CASTRIES, SAINT LUCIA: The CARICOM-CICAD-EU four-day regional workshop for the Development of National Anti-Drug Strategies and Plans is centered on one key theme – bring about a reduction in the supply and demand of illicit substances, and protect the region’s fragile socio-economic structure as the present global economic nightmare continues.
This workshop has attracted participants from across the region, including Guyana.
One of the lecturers at the workshop is Mr. John T. Carnevale, who is a public finance economist and an expert in organizational analysis, strategic planning, performance measurement, governmental budgeting, and the U.S. national anti-drug policy.
He says that the sessions conducted to date were intended to get all of the participants involved to focus on the basic approaches each nation should take to combat the problems of drugs and drug trafficking.
“They have all been very helpful. They have taken a simplified approach to a very complicated problem so that they can at least examine ways to debate and discuss how to resolve that problem,” Carnevale stated.
He also spoke of the impact of the current global credit crunch and financial meltdown on the fight against the drug problem on the Latin America/Caribbean region.
He is positive that there will be headway made in the fight against drug abuse despite the current financial squeeze Caribbean Governments face.
“There are concerns economies get into trouble because people turn to drugs because they get unemployed so I think more than ever we have to be vigilant about in keeping our prevention and treatment system programmes in place, “ he added.
It is expected that much attention will be given to solving the global problem and failure of the economy in strengthening and restoring it to what it was.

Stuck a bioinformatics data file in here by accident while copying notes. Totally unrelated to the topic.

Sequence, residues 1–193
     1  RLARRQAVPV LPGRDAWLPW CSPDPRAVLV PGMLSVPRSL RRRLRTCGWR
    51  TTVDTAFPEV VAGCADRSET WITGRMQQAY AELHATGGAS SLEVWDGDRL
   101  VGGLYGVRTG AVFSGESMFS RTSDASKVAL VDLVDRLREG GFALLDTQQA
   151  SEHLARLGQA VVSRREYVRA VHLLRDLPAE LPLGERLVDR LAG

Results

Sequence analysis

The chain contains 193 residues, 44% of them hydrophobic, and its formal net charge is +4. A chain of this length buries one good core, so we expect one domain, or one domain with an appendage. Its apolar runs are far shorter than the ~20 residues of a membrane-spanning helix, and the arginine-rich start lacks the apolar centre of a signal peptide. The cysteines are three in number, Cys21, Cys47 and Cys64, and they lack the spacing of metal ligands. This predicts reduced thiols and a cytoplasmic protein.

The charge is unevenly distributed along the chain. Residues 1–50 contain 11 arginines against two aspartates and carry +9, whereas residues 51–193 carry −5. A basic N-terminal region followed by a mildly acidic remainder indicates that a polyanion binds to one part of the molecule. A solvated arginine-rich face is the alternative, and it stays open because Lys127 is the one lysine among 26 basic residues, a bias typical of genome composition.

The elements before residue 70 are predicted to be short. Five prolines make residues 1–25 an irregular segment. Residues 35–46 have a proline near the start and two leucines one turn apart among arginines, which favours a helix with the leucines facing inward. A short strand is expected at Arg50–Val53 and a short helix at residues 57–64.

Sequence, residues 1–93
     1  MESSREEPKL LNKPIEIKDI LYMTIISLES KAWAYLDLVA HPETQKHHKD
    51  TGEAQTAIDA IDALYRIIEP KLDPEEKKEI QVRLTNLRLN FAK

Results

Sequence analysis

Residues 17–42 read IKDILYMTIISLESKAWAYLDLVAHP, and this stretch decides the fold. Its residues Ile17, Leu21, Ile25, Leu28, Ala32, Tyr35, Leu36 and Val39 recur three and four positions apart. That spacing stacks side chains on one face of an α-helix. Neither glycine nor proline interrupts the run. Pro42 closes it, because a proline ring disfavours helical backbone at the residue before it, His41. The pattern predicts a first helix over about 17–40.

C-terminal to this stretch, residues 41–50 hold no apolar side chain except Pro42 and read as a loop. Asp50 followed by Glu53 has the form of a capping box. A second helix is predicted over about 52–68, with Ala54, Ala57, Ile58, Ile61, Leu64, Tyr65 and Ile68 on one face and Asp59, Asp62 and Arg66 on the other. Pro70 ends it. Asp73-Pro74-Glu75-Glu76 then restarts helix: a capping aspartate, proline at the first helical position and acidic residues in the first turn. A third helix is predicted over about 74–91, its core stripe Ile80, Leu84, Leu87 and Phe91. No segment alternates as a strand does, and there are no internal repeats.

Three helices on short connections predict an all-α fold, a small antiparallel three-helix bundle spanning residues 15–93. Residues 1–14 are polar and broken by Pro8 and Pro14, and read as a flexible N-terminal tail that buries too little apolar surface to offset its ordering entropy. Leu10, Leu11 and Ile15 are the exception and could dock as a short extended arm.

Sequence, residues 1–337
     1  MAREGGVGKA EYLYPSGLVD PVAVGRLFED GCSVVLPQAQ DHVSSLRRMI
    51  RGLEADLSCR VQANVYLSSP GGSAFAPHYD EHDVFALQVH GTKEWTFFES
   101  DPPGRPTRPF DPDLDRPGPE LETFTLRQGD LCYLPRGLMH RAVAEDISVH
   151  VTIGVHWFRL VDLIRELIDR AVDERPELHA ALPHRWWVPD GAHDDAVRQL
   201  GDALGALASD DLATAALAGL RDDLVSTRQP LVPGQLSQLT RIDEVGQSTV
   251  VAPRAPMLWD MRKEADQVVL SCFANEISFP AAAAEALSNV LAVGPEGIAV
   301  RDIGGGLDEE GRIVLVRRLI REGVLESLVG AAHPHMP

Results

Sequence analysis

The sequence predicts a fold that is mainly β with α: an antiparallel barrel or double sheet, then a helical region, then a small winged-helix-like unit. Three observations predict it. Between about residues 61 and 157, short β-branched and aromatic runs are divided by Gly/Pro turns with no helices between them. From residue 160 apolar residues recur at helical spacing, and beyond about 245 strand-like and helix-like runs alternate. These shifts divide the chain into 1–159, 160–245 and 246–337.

However, according to Carnevale, “In terms of the drug issue it is important to me that we pay attention to it because I think our political leaders will do so.” Participants continued discussions and strategy formulation at the Regional Workshop for the Development of National Anti-Drug Strategies and Plans.
These strategies are aimed not just at reducing the demand and supply of illicit substances like crack cocaine and marijuana, but also pharmaceuticals, alcohol and stimulants.
The participants agreed that there must be a detailed description of strategies and steps used to implement a strategic plan, actions taken or work performed through which inputs such as funds, technical assistance and other types of resources are mobilised to produce specific outputs.
The systematic and objective assessment of an on-going or completed project, programme or policy, its design, implementation and results must form part of the evaluation of the programmes and strategies.
The aim, therefore, is to determine the relevance and fulfillment of objectives, development efficiency, effectiveness, impact and sustainability.
It was noted that an evaluation should provide information that is credible and useful, enabling the incorporation of lessons learned into the decision making process of both recipients and donors.
Participants examined the goals and objectives of the various programmes and strategies in support of the goals in focusing on specific programmes in targeting the most vulnerable groups.
These vulnerable groups also included the users and abusers of illicit substances, drug traffickers, and the young who have been targeted. These target groups, it was recognised, are in many instances, part of a larger vulnerable group that impacts on the Caribbean region’s socio-economic environment.
The discussions of the many strategies and programmes that have taken place so far have been very lively.
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